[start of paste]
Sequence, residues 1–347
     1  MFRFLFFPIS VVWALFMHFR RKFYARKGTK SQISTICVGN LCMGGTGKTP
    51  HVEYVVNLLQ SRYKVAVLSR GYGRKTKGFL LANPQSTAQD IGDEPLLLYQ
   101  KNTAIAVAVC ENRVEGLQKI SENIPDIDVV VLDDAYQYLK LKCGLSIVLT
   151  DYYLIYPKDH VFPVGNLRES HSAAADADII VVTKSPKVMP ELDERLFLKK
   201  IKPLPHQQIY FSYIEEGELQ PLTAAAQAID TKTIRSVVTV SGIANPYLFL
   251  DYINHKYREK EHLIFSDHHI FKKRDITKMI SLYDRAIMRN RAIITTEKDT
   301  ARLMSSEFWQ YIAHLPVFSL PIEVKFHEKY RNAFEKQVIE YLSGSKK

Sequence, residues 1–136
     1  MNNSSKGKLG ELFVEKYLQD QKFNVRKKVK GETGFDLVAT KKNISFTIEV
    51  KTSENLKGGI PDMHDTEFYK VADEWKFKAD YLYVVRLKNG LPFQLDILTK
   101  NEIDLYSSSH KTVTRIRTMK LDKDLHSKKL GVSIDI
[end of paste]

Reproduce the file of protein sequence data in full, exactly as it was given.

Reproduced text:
Sequence, residues 1–347
     1  MFRFLFFPIS VVWALFMHFR RKFYARKGTK SQISTICVGN LCMGGTGKTP
    51  HVEYVVNLLQ SRYKVAVLSR GYGRKTKGFL LANPQSTAQD IGDEPLLLYQ
   101  KNTAIAVAVC ENRVEGLQKI SENIPDIDVV VLDDAYQYLK LKCGLSIVLT
   151  DYYLIYPKDH VFPVGNLRES HSAAADADII VVTKSPKVMP ELDERLFLKK
   201  IKPLPHQQIY FSYIEEGELQ PLTAAAQAID TKTIRSVVTV SGIANPYLFL
   251  DYINHKYREK EHLIFSDHHI FKKRDITKMI SLYDRAIMRN RAIITTEKDT
   301  ARLMSSEFWQ YIAHLPVFSL PIEVKFHEKY RNAFEKQVIE YLSGSKK

Sequence, residues 1–136
     1  MNNSSKGKLG ELFVEKYLQD QKFNVRKKVK GETGFDLVAT KKNISFTIEV
    51  KTSENLKGGI PDMHDTEFYK VADEWKFKAD YLYVVRLKNG LPFQLDILTK
   101  NEIDLYSSSH KTVTRIRTMK LDKDLHSKKL GVSIDI